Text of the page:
Hawaii

All posts tagged Hawaii

It must be emphasized that X-Day: Japan is not an academic work. Still, we’re proud of the research and detail that went into it. Some readers have asked for more information about certain details, or for a longer list of references than in the bibliography.

In the margins of the main manuscript can be found links to many of the little facts that decorate the novel. We’ve compiled them into a list, sorted by the Tuttle journal dates in which each was found. A bunch of them are given below. The list will be completed in later installments.

July 16, 1945
FM 30-26 Regulations for Correspondents Accompanying U.S Army Forces in the Field,
archive.org

July 19, 1945
Macarthur’s personal plane, and his assistants,
donmooreswartales.com
ozatwar.com
Flying across the Pacific in a hurry,
wikipedia.org
wikipedia.org
uswarplanes.net

July 22, 1945
USO,
archive.org
Hawaii – it’s history, economy, defenses, and outlook – as of late 1940,
fortune.com
Prostitution in Hawaii,
library.manoa.hawaii.edu
Actual USO show,
gvnews.com
abebooks.com

July 23, 1945
Training on Hawaii up in Camp Tarawa,
Chuck Tatum, Red Blood, Black Sand
DE’s by class and commissioning year,
ibiblio.org/hyperwar/

July 26, 1945
NATS,
wikipedia.org
vpnavy.org
FDR’s line crossing ceremony,
ww2db.com

July 27, 1945
Marpi Airfield, Saipan,
airfields-freeman.com

July 28, 1945
SB2C Helldiver,
wikipedia.org
Marine close air support,
ibiblio.org

July 29, 1945
Facilities and engineers in the Marianas,
ibiblio.org
Floating dry-dock example,
navsource.org
navsource.org
Log of bombing missions from one group,
39th.org

July 30, 1945
458th Squadron, 33th Bomb Group,
rootsweb.ancestry.com/~ny330bg/
mission log including radio report from Ray Clark,
rootsweb.ancestry.com/~ny330bg/

August 3, 1945
Baseball in wartime,
baseballinwartime.com
Navy reports on typhoon of June 1945 (Connie),
history.navy.mil
USS Red Oak Victory, cargo ship AK-235 [MUSEUM SHIP],
navsource.org
navy.memorieshop.com
richmondmuseum.org
Shortage of loading berths at Okinawa,
Nimitz Gray Books [multiple references]

August 6, 1945
Yonabaru Naval Air Station,
rememberingokinawa.com
Buckner Bay and Navy HQ buildings,
rememberingokinawa.com
Sinking of the USS Indianapolis,
history.com

August 9, 1945
Trial of Captain McVay of the Indianapolis,
ussindianapolis.org

August 10, 1945
Active airfields on Okinawa, 1945,
wikimedia.org

August 16, 1945
USO show on Okinawa,
rememberingokinawa.com
Betty Hutton,
bettyhuttonestate.com

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[Tuttle watched people play as well as work, and Hawaii was a great spot for play even in war time.]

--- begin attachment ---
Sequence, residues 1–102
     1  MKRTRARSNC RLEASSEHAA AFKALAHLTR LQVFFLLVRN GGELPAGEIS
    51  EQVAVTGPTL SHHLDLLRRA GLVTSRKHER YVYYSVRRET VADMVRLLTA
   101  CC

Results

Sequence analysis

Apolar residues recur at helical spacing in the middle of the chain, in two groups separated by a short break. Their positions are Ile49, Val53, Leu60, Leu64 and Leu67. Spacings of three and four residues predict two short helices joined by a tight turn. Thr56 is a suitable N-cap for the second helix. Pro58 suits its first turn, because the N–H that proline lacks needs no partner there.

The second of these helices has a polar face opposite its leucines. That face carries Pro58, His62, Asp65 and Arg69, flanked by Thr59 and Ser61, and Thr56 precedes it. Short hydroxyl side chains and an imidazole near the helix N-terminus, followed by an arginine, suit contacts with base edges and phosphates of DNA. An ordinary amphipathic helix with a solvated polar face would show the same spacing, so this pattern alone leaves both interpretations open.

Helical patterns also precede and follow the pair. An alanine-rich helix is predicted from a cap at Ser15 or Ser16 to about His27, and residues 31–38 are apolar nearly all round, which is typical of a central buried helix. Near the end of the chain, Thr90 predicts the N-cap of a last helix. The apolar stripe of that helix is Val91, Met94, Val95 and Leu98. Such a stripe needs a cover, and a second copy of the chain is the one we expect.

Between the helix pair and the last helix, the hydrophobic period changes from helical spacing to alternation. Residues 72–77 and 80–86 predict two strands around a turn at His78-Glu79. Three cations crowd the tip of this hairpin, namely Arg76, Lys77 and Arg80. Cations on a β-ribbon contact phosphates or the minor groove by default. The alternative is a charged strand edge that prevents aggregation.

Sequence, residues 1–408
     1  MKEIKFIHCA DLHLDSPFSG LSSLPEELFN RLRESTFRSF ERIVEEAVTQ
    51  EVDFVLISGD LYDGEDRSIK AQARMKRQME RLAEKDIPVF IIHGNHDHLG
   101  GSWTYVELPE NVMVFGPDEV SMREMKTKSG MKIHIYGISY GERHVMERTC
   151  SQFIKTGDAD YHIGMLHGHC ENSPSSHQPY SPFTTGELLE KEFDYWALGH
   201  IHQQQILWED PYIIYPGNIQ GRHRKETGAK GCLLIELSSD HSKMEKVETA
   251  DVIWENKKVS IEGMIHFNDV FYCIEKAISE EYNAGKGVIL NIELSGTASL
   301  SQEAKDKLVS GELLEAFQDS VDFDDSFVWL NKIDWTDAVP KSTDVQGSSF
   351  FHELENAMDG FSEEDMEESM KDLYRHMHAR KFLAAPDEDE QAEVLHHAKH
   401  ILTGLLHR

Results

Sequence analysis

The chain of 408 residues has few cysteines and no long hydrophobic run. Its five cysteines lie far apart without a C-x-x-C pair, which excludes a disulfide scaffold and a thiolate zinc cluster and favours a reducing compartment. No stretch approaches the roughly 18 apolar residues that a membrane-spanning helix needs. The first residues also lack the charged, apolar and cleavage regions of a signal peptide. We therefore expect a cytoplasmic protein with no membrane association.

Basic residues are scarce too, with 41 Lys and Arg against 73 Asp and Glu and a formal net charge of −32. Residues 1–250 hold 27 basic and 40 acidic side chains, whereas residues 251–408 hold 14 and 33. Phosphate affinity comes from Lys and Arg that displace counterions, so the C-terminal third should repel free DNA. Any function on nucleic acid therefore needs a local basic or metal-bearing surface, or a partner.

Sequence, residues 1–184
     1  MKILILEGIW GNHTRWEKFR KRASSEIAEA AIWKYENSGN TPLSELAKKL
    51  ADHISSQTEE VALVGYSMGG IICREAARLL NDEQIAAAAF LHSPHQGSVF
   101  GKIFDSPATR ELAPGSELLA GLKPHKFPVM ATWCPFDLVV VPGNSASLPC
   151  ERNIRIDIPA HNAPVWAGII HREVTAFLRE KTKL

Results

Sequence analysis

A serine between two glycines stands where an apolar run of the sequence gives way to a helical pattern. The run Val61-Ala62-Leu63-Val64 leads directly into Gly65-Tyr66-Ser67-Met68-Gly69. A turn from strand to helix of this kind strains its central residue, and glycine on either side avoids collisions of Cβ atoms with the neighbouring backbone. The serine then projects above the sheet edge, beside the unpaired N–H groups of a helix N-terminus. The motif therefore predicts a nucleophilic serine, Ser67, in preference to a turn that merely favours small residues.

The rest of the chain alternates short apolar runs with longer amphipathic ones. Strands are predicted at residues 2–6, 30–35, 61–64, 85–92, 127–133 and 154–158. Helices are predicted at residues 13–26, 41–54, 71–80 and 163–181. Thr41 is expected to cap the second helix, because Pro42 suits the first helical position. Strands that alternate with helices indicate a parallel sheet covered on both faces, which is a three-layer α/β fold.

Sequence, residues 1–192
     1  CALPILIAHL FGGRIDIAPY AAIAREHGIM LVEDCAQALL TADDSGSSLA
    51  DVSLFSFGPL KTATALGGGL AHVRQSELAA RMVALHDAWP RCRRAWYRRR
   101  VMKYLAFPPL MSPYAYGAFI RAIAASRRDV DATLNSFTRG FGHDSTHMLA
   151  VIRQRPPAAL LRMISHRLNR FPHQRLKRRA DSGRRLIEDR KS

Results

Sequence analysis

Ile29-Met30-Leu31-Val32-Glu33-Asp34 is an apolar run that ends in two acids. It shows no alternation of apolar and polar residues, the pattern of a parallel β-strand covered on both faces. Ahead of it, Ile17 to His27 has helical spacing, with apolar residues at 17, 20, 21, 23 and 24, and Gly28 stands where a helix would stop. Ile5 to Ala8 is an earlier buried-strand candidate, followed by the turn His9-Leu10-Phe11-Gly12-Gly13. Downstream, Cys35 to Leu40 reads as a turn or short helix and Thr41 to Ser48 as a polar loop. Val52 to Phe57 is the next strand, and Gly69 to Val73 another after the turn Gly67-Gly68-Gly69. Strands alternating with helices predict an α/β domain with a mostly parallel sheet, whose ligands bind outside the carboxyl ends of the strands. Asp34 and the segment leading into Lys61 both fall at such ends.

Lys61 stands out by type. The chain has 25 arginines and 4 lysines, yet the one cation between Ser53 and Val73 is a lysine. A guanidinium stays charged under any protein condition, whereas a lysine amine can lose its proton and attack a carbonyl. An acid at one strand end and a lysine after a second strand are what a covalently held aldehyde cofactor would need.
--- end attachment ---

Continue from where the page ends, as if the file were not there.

A soldier, sailor, or Marine can find something to do or see on any budget of time or money. Small shows run all afternoon and well into the evening, as late as the recently relaxed curfew and blackout rules will allow. Surfboards and small boats can be rented. Young men are always looking for a contest. It is now regular sport for crews from different units to race the fast traditional outrigger row boats as soon as they learn how to handle them with even minimal proficiency. You can bet some wagers are taken on those races.

Speaking of vice, prostitution was still legal here until late last year. The tax office is not happy about the regulated trade going away. The Army and Navy medical staffs are worried about a jump in venereal disease rates. What hasn’t changed is that there are thousands of young men here with time and money on their hands.

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[Tuttle took care to paint the background scene for readers back home. The details he included are missing in other histories, the ones about presidents and generals.]

Today I wanted to see some of the island myself before I saw more of the military side. I looked for a ride over to the famous Waikiki beach a bit to the east of downtown Honolulu and Pearl Harbor. A poster of bus routes reminds riders that priority should be given to military personnel and civilian war workers going about their needful business. Some people tell me that my work is important to the war effort, but I still looked around for busier looking riders before getting on a bus.

One errand they ran me through yesterday was to change out some of my currency for “Hawaiian” money. Wary of Japanese invasion, which seemed inevitable just three years ago, the government called in all the paper money from people in Hawaii so that it couldn’t fall into enemy hands. But with a half million inhabitants and likely millions of servicemen and support people about to be moving in, there was a need for replacement cash, pronto.

The expedient-if-inelegant solution was to stamp “HAWAII” on the front and back of millions of existing bank notes. I suppose a lot of the marked notes will become souvenirs someday. Right now mine is marked for lunch money and bus fare.

Honolulu bus map, 1945

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